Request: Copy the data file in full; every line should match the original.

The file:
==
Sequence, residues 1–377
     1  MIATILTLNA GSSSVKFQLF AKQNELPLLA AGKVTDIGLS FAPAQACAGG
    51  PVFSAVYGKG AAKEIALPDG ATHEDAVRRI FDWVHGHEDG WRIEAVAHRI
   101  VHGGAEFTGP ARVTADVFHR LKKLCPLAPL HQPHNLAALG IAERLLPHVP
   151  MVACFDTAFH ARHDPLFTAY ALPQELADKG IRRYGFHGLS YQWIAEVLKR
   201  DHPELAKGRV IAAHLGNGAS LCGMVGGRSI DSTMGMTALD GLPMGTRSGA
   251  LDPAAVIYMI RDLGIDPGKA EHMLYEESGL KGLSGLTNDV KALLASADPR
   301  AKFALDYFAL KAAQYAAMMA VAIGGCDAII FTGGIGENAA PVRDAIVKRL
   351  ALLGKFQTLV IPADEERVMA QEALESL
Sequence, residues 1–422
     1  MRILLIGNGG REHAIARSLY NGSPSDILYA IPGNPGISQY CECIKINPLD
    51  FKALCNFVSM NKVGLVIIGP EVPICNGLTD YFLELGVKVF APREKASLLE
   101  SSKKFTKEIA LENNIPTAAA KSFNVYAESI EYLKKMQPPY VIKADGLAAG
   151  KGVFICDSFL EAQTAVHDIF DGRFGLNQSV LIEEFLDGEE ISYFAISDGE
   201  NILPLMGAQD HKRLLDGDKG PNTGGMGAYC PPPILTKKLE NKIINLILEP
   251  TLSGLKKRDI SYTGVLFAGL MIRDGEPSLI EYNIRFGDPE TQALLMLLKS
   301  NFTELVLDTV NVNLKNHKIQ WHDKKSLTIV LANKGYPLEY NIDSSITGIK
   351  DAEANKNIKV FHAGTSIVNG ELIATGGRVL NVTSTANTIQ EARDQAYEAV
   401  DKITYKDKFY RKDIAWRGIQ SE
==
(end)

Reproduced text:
Sequence, residues 1–377
     1  MIATILTLNA GSSSVKFQLF AKQNELPLLA AGKVTDIGLS FAPAQACAGG
    51  PVFSAVYGKG AAKEIALPDG ATHEDAVRRI FDWVHGHEDG WRIEAVAHRI
   101  VHGGAEFTGP ARVTADVFHR LKKLCPLAPL HQPHNLAALG IAERLLPHVP
   151  MVACFDTAFH ARHDPLFTAY ALPQELADKG IRRYGFHGLS YQWIAEVLKR
   201  DHPELAKGRV IAAHLGNGAS LCGMVGGRSI DSTMGMTALD GLPMGTRSGA
   251  LDPAAVIYMI RDLGIDPGKA EHMLYEESGL KGLSGLTNDV KALLASADPR
   301  AKFALDYFAL KAAQYAAMMA VAIGGCDAII FTGGIGENAA PVRDAIVKRL
   351  ALLGKFQTLV IPADEERVMA QEALESL
Sequence, residues 1–422
     1  MRILLIGNGG REHAIARSLY NGSPSDILYA IPGNPGISQY CECIKINPLD
    51  FKALCNFVSM NKVGLVIIGP EVPICNGLTD YFLELGVKVF APREKASLLE
   101  SSKKFTKEIA LENNIPTAAA KSFNVYAESI EYLKKMQPPY VIKADGLAAG
   151  KGVFICDSFL EAQTAVHDIF DGRFGLNQSV LIEEFLDGEE ISYFAISDGE
   201  NILPLMGAQD HKRLLDGDKG PNTGGMGAYC PPPILTKKLE NKIINLILEP
   251  TLSGLKKRDI SYTGVLFAGL MIRDGEPSLI EYNIRFGDPE TQALLMLLKS
   301  NFTELVLDTV NVNLKNHKIQ WHDKKSLTIV LANKGYPLEY NIDSSITGIK
   351  DAEANKNIKV FHAGTSIVNG ELIATGGRVL NVTSTANTIQ EARDQAYEAV
   401  DKITYKDKFY RKDIAWRGIQ SE